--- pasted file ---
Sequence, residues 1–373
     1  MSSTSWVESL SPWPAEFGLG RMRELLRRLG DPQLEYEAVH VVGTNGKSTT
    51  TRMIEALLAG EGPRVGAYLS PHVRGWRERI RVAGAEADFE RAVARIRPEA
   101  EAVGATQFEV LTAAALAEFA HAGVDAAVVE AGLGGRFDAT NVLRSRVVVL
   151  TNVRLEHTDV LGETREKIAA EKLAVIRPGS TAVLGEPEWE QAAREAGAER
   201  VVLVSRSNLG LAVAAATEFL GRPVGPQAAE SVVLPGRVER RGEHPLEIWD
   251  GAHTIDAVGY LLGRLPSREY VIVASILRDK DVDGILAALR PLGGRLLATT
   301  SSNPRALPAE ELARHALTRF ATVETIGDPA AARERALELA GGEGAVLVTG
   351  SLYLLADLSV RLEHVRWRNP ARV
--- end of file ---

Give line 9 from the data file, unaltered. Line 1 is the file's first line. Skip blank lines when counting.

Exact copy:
   351  SLYLLADLSV RLEHVRWRNP ARV